Food for the soul
Walk up to the Wavelink Building and what greets you are the rich smells of lovingly made mushroom soup and lobster pasta as patrons dine at the alfresco section of the bistro.
Today, the eatery sees healthy crowds, due to its well-reviewed food and savvy advertising online and value-for-money meals for members.
Members' Chinese New Year Night at Lighthouse Bistro in January 2004
However, it was not always so smooth sailing. When the seafood-themed restaurant opened in 2003, even SMOU’s top brass had to double as servers and kitchen helpers to cut manpower costs.
“Bao ga liao (doing everything)” was the order of the day. The bistro had to undergo several revamps and today it features a classy and cosy interior, offering semi-fine dining at casual bistro prices.
The restaurant is not solely driven by profits. Besides being a gathering place for members and serving them heavily subsidised meals, the eatery has also hosted community events for the elderly living in the Jalan Besar area.
Its social mission also extends to providing free meals for marooned sailors. An example was the MV Lady Belinda, which was stranded for months on Singapore shores in 2008.
Extending a helping hand
Equipping members with skills to ensure they would not be obsolete, as well as providing safety nets, came to define the other arms of Wavelink.
Wavelink Maritime Institute (WMI), established in 2007, provides quality and affordable maritime education and training to members. Such services extend beyond borders. WMI’s CadetsPlus Programme has trained more than 3,000 cadets since 2007, across 21 cities. The first batch was trained at Qing Dao in eastern China.
Through WMI, SMOU also sought to offer Singaporeans a career on the seas amid the downturn. The Tripartite Nautical Training Award, run by WMI with funding support from the authorities, was rolled out in 2009. Its sister programme, the Tripartite Engineering Training Award, was launched in 2016. Together, both have produced more than 400 cadets and around 100 officers.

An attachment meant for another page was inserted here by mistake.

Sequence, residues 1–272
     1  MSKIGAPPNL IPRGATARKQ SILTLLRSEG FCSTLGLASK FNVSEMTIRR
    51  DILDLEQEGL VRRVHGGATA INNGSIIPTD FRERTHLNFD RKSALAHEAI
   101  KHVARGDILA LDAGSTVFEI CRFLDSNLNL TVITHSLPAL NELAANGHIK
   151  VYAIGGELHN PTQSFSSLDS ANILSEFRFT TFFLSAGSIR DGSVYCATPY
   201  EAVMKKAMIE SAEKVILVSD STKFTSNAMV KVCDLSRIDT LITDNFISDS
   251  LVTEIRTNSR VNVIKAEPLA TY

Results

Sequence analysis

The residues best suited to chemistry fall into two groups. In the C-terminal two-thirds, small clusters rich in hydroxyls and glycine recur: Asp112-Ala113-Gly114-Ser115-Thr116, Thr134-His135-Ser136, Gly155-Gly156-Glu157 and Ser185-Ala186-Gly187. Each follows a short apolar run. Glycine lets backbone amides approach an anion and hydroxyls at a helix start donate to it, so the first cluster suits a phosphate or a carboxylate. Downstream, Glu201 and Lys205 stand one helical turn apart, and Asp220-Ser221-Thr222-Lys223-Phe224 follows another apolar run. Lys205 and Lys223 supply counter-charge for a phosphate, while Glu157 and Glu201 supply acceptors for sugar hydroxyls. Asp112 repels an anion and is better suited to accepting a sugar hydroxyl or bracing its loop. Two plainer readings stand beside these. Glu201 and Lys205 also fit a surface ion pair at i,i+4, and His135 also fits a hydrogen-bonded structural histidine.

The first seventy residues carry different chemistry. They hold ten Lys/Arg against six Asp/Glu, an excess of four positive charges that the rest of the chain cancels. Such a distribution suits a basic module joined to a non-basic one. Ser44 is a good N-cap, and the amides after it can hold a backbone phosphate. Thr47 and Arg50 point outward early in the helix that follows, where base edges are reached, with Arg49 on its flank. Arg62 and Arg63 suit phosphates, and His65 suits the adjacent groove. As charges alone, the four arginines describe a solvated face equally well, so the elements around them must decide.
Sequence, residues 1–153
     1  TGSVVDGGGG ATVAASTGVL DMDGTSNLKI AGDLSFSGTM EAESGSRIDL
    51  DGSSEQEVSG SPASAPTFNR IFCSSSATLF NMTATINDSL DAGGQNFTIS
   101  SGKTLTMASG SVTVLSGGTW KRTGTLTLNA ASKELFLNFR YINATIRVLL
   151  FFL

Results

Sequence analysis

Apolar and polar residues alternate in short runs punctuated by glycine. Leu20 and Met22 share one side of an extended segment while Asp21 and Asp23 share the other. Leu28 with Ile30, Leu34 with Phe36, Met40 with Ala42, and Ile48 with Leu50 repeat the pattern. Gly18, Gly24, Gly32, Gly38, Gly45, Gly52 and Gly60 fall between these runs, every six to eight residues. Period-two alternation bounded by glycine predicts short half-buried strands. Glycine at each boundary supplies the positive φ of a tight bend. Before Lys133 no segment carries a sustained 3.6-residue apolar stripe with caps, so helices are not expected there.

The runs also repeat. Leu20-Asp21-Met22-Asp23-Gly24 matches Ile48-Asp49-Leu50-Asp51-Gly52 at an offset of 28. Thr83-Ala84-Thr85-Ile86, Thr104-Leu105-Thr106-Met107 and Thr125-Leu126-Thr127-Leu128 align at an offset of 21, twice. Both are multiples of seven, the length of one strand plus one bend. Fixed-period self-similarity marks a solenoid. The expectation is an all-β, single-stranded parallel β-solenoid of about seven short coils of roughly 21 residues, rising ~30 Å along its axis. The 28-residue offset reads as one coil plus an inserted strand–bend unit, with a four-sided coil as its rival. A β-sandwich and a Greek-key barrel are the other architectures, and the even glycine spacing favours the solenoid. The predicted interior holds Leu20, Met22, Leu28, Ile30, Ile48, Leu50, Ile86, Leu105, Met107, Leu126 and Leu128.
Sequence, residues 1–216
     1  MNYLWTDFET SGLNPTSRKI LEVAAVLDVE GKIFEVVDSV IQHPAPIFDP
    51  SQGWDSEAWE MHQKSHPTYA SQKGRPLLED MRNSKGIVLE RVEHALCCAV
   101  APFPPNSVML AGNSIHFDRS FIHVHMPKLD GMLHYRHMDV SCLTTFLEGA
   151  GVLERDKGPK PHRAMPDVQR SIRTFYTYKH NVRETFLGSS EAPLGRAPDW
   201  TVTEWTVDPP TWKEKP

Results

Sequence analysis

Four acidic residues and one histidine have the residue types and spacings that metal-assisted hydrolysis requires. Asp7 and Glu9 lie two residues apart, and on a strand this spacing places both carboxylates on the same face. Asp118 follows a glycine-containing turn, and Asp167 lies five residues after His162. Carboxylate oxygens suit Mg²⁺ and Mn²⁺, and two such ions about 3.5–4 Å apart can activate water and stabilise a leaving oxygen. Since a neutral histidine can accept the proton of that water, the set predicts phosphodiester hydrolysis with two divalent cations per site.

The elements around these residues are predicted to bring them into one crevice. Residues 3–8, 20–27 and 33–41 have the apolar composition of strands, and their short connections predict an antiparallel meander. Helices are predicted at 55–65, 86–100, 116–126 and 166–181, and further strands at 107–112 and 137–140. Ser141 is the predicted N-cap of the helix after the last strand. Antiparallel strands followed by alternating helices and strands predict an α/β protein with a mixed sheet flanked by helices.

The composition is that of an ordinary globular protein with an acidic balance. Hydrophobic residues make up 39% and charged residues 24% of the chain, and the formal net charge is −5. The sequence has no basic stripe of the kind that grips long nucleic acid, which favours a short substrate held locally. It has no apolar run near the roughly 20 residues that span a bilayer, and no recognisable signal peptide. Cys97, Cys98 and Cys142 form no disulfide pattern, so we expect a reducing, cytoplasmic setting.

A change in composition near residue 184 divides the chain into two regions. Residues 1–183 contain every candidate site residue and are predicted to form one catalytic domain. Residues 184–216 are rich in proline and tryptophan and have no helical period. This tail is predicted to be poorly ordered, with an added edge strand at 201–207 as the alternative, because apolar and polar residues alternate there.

Besides training seafarers, the Union also cared about their welfare. Wavelink Thrift, set up in 2001, is responsible for disbursing various funds set up by SMOU for members.
One example was the Seafarers’ Provident Fund (SPF) that was launched in 2001 and co-managed by NTUC Thrift & Loan Co-operatives. The fund had more than 40,000 members with savings totalling more than $32 million, and it paid out interest to members at a rate pegged to the Central Provident Fund until the economic downturn of 2009.
For years, the SPF worked like a social security scheme for members and their families who needed financial aid in the event of poor health, disability or death. But it ceased operation from June 2012 due to a remodelling of the NTUC cooperative, and the funds were distributed back to members. Other examples include the Singapore Maritime Training Fund, Seafarers’ Medical Scheme and Seafarers’ Accommodation Scheme, which cater to seafarers’ welfare and training.
While schemes and economic conditions change, SMOU’s aim to benefit members remains steadfast. The Union will spare no effort in delivering quality training to ensure members remain employable, while providing value-added services such as a range of amenities and affordable meals at Lighthouse Bistro.